Rams at UCI!

Welcome back, fans

The Los Angeles Rams are holding their training camp at the University of California, Irvine. Come inside the huddle and get a sneak peek at what it takes to house and feed 200 team and staff members.

Camp Details

LA Rams Training Schedule

The Rams will train at UCI from July 29 to Aug. 17. Check the schedule for practice dates open to the public.

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Directions to UCI

Get driving directions to UCI by freeway or take public transportation and plan your trip with the OCTA Trip Planner.

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Parking Passes

Rams fans will have the option to purchase a daily UCI parking permit or a full training camp pass.

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More details from UCI Transportation 

How To Host a Football Team

After decades, UCI finally has a football team! OK, it's only for a few weeks, but it still takes a lot of preparation. The Rams are bringing in bigger beds, tons of food, even "anti-Belichick" dorm locks to thwart potential spies. Here's a rundown of the logistics.

How many Rams will be on campus?

200+

Rams at a Glance

90 Players
120+ Rams Staff
Including:
  • 23 Coaches
  • 6 Athletic Trainers
  • 2 Nutritionists
  • 4 Equipment Managers
  • 1 Rampage

Ram-Friendly Furniture

Our dining room chairs had to be weight-tested to ensure they could hold
400 lbs.

Where do Rams Sleep?

Larger King beds are needed for mighty RAM bodies in UCI dorm rooms.

What do Rams Drink at Camp?

  • 400 cases of water
  • 400 cases of Gatorade
  • 500 gallons of juice

What do Rams Eat?

The average football player Devours up to 10,000 calories per day during training camp. 3x more calories than the average person!


To accommodate larger portions, plates have been enlarged to 10.5"

What Fuels a Team of Rams?

Item Quantity
Eggs 70 lbs
Bacon 30 lbs
Sausage 20 lbs
Fresh Fruit 125 lbs
Prime Rib 150 lbs
Roasted Shrimp 125 lbs
Grilled Chicken 220 lbs
Rice Pilaf 300 cups
Full Potato Croquettes 100 lbs
Grilled Asparagus 100 lbs
Cauliflower Tian 100 lbs
Kale Salad 40 lbs
Seasonal Veggies 53 lbs
Trail Mix 300 lbs

Slideshow: Flashback to 2016

  1. LA Rams at UCI Michael Dennin, UCI vice provost for teaching & learning and professor of physics & astronomy, joins Peter the Anteater in showing Rams running back Malcolm Brown, wide receiver Nelson Spruce and defensive back Michael Jordan (from left) how to “Zot!” Credit: Steve Zylius / UCI
  2. LA Rams at UCI Wide receiver Paul McRoberts makes a one-handed catch during Rams practice last summer on UCI’s Crawford. Credit: Steve Zylius / UCI
  3. LA Rams at UCI On the sidelines, Rams running back Malcolm Brown tries out the MusicGlove, a rehab device co-developed by David Reinkensmeyer (center), UCI professor of mechanical & aerospace engineering, anatomy & neurobiology and biomedical engineering. Credit: Steve Zylius / UCI
  4. LA Rams at UCI Legendary Rams running back Eric Dickerson (right) shares a laugh with UCI ecology & evolutionary biology professor James Hicks at Crawford Field. Credit: Steve Zylius / UCI
  5. LA Rams at UCI Running back Todd Gurley (in blue) clutches the ball as he encounters defensive players during Rams practice last year on UCI’s Crawford Field. Credit: Steve Zylius / UCI
  6. LA Rams at UCI Hall of Fame player and former Rams star Eric Dickerson gives the “Zot!” sign at Crawford Field. Credit: Steve Zylius / UCI
  7. LA Rams at UCI Wide receiver Bradley Marquez carries the ball during Rams practice at UCI last summer. Credit: Steve Zylius / UCI
  8. LA Rams at UCI Rams players stretch on UCI’s Crawford Field after practice. Credit: Steve Zylius / UCI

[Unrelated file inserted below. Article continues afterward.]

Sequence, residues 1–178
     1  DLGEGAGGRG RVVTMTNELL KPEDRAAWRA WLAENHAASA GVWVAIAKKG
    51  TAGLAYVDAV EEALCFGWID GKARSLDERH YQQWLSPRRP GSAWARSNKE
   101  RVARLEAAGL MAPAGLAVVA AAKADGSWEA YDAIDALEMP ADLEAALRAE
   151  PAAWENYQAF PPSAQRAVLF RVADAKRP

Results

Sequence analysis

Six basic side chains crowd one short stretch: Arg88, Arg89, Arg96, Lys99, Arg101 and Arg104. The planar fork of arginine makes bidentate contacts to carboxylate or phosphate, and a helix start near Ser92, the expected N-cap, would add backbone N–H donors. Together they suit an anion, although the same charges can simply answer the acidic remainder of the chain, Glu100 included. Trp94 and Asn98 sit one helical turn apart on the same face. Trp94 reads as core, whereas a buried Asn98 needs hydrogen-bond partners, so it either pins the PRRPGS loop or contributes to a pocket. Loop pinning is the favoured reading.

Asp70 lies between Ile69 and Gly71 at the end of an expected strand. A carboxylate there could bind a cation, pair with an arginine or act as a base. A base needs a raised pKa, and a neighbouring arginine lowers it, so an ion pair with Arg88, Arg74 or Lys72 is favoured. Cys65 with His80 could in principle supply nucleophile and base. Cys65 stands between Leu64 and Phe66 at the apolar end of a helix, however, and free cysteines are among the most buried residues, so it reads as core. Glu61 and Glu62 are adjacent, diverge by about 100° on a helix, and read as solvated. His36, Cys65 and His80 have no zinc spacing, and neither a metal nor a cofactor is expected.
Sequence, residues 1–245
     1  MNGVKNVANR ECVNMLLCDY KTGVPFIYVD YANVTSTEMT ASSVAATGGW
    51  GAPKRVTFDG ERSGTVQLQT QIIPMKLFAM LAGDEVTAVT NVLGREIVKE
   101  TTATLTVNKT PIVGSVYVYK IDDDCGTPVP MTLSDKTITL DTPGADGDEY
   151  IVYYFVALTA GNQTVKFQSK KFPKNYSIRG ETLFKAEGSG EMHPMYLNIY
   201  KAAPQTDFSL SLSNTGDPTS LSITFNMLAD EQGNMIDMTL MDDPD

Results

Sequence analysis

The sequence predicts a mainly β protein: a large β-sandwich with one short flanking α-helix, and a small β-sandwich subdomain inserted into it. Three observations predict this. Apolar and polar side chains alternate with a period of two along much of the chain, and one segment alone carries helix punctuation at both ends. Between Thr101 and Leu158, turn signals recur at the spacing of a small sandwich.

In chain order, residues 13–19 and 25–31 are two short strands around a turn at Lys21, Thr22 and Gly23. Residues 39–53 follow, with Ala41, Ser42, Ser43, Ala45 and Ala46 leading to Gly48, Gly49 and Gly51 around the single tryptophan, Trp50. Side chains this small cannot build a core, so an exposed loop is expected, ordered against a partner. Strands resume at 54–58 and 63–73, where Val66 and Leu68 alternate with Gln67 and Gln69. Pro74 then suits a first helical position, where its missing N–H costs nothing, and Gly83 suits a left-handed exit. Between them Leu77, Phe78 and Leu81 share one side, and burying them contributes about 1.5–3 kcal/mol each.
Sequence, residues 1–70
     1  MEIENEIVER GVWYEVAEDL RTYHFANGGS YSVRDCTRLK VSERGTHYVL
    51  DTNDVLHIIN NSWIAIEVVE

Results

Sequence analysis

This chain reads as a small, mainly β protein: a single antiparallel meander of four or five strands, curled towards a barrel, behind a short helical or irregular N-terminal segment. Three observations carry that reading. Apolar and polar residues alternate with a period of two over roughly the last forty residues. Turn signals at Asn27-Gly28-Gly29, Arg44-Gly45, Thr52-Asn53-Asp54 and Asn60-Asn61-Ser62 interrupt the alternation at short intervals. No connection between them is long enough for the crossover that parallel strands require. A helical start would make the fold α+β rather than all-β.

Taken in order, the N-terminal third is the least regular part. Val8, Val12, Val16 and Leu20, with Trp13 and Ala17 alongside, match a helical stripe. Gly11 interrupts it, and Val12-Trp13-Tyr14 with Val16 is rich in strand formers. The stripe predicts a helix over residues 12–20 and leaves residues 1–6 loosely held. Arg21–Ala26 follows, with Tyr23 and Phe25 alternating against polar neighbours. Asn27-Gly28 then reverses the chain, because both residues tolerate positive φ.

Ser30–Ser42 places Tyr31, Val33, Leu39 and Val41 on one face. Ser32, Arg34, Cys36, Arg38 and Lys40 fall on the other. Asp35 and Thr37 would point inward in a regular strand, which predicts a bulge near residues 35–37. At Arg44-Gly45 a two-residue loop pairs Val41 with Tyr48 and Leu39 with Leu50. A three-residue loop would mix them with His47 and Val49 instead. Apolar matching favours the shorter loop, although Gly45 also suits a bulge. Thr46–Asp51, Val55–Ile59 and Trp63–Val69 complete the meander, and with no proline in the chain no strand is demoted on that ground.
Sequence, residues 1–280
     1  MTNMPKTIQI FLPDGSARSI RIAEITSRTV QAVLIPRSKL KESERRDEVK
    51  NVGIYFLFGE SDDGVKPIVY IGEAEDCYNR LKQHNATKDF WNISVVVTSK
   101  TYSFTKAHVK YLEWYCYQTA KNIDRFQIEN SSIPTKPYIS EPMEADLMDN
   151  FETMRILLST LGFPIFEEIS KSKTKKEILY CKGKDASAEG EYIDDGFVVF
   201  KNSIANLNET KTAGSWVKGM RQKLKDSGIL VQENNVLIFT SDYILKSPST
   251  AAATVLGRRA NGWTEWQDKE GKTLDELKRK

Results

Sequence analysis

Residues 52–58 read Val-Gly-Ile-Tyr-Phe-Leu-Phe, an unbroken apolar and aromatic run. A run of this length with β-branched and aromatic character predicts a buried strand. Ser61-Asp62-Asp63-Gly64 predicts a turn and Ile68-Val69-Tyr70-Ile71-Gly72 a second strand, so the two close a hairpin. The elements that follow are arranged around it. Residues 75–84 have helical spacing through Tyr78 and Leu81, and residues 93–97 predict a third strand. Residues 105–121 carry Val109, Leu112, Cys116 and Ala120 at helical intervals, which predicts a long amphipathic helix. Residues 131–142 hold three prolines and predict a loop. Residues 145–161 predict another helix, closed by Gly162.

9. LA Rams at UCI Rams running back Todd Gurley signs autographs for the crowd. Credit: Steve Zylius / UCI
  10. LA Rams at UCI Players warm up at the start of the Rams’ first open practice at UCI in 2016. Credit: Steve Zylius / UCI
  11. LA Rams at UCI A play area provides amusement for the kids. Credit: Steve Zylius / UCI
  12. LA Rams at UCI Defensive tackle Aaron Donald signs various items for fans before practice last summer. Credit: Steve Zylius / UCI
  13. LA Rams at UCI Rams players participate in a tennis ball drill on Crawford Field. Credit: Steve Zylius / UCI
  14. LA Rams at UCI A happy Rams fan catches a football kicked into the stands during practice. Credit: Steve Zylius / UCI
  15. LA Rams at UCI Rams mascot Rampage high-fives folks in the VIP area. Credit: Steve Zylius / UCI
  16. LA Rams at UCI Rams fans line up to enter the stands on Crawford Field. Credit: Steve Zylius / UCI
  17. LA Rams at UCI While spectators cheer and snap photos, players take the field for the Rams’ first open practice at UCI last July. Credit: Steve Zylius / UCI
  18. LA Rams at UCI Quarterback Jared Goff signs autographs for fans after the Rams practice at UCI. Credit: Steve Zylius / UCI
  19. LA Rams at UCI Before practice, water bottles are filled to slake players’ thirst. Credit: Steve Zylius / UCI
  20. LA Rams at UCI Tackle dummies are dragged into place on Crawford Field as Rams crews prepare for practice. Credit: Steve Zylius / UCI
  21. LA Rams at UCI Tight end Tyler Higbee gives an interview to the press as rookies arrive at UCI for the Rams’ 2016 training camp. Credit: Steve Zylius / UCI
  22. LA Rams at UCI A camera crew from the “Hard Knocks” television series films wide receiver Pharoh Cooper as he checks out his room at UCI in 2016. Credit: Steve Zylius / UCI
  23. LA Rams at UCI Rookie Rams players arrive for last year’s summer training camp at UCI. Credit: Steve Zylius / UCI
  24. LA Rams at UCI The turf is aerated prior to the start of camp. Credit: Steve Zylius / UCI
  25. LA Rams at UCI UCI’s Crawford Field is transformed in preparation for the Rams’ 2016 training camp. Credit: Steve Zylius / UCI
  26. LA Rams at UCI Bleachers are installed along UCI’s Crawford Field for fans who want to watch the Rams train. Credit: Steve Zylius / UCI
  27. LA Rams at UCI He’s at the 50! Andy Hebrard of Athletic Applications gets good field position as he works against the clock to stripe and number UCI’s Crawford Field in time for the Los Angeles Rams’ training camp last year. Credit: Steve Zylius / UCI

Ram-friendly Research

Here are some sports-related UCI research projects the team may want to check out during its summer training camp.

Brian Cummings

Brian Cummings
Credit: Daniel A. Anderson / UCI

Tackling concussions